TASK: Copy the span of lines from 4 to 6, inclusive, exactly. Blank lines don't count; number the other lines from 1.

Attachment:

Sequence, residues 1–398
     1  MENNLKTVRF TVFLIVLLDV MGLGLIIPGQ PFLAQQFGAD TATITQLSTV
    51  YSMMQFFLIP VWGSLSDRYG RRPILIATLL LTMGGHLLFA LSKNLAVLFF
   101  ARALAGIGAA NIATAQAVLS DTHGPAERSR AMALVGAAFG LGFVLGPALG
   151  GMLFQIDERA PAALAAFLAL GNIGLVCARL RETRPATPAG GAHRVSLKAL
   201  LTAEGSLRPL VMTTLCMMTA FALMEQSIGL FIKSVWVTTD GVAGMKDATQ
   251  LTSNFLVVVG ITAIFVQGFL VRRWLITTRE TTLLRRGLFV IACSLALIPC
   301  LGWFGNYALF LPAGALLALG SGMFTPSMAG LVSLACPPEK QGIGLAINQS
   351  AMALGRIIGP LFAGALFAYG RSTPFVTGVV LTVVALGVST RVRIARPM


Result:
   101  ARALAGIGAA NIATAQAVLS DTHGPAERSR AMALVGAAFG LGFVLGPALG
   151  GMLFQIDERA PAALAAFLAL GNIGLVCARL RETRPATPAG GAHRVSLKAL
   201  LTAEGSLRPL VMTTLCMMTA FALMEQSIGL FIKSVWVTTD GVAGMKDATQ